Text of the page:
Canon May Drop Nuke in Megapixel War with a 75+ Megapixel Pro DSLR


The megapixel war appears to be alive and well. The rumor mill has been churning the past weekend after a report emerged that Canon is in the process of field testing a DSLR camera that packs a whopping 75+ megapixels.

Eric Reagan over at Photography Bay writes that he received the tip this past Saturday from a trusted source:

[…] a pre-production high resolution Canon DSLR is currently undergoing field testing. The camera is a pro-sized body like the 1D X. The resolution of the sensor is greater than 75MP. Wow.

Rumors of prototype high-megapixel Canon DSLRs have been floating around for quite some time now. In September 2012, it was said that Canon was field testing a 46MP DSLR, but a report the following month suggested that there are prototypes packing “well over 50 MP.”

Canon's upcoming high-MP DSLR will reportedly have a "pro style" body like the 1D X

Canon’s upcoming high-MP DSLR will reportedly have a “pro style” body like the 1D X

Photography Bay‘s source is also saying that the uber-high-MP DSLR will have an ultra-high-resolution LCD screen on the back, and may have a frame rate that’s even speedier than the Canon 1D X (thanks to one or more new image processors found in the camera).

There may be an official announcement for this camera by the end of 2013, but the actual release may not come until sometime in 2014. Canon Rumors writes that they also believe that a high-MP Canon DSLR will be arriving sometime next year.

Image credit: Canon EOS-1 D by sukiweb

  • Chris Jackson

    cheap glass on an expensive camera? naw, if you buy this camera, buy better glass.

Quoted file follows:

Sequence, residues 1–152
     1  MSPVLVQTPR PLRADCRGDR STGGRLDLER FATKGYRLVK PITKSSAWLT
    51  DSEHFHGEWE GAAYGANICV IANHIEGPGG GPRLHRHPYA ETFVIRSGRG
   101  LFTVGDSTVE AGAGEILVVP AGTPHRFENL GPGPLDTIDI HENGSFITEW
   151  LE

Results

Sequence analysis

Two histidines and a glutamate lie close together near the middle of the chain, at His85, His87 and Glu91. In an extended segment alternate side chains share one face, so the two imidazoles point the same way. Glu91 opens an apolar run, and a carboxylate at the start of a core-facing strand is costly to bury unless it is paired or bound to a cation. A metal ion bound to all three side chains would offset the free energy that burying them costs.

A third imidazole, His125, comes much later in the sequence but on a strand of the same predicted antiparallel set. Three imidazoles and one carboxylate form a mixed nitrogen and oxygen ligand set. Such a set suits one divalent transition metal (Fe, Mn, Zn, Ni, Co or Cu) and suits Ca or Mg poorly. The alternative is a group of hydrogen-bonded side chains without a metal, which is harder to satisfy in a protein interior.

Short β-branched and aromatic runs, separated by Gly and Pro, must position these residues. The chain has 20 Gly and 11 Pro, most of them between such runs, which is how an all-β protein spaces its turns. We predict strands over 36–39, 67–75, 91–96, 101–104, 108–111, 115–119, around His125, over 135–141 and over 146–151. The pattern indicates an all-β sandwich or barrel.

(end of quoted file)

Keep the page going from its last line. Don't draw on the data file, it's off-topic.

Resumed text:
• Dave

    Between a Ferrari and a Maserati maybe?

  • Jordan Butters

    Arguing on the internet. Who’d have thought it.

  • gasdive

    186 lines/mm is based on overlapping airy disks that have centres far enough apart for a human eye to detect that it’s not just one point. A 9% difference. Fine for a telescope that you are looking through. For a sensor to make sense of the overlapping disks they need to be separated further than that or you’ll simply have a muddy image. The airy disks need to be separated by about a full airy disk. At f/8 the airy disk is about 11 um across. Two pixels is enough to resolve that, so pixels smaller than about 5.5 um are pointless and that equates to about a 25 MP sensor (which is why I said what I said). A 75 MP FF sensor has 3.4 um pixels.

    Tilt shift can help with exactly the subjects I said you could photograph: flat ones. You can alter the focal plane to match up with the flat but tilted subject. That doesn’t alter the fact that the DoF is small and only flat (even if tilted which I didn’t mention because I thought it went without saying) subjects can be all in focus enough to make 75 MP worth while. Three dimensional subjects (even with TS) can’t be focused down to 3 um precision (or even 7 um to cover 2 pixels)

    You’re quite right that if you get away from the f/8 end and stick around f/2ish then you can get hundreds of MP worth of information, but the DoF becomes unreasonably shallow. You could use focus stacking to solve that issue but if you’re going to do that then why not use super-resolution stacking anyway? (or stitching or gigapan or any one of a dozen other systems that also only work for multi image capture of static subjects)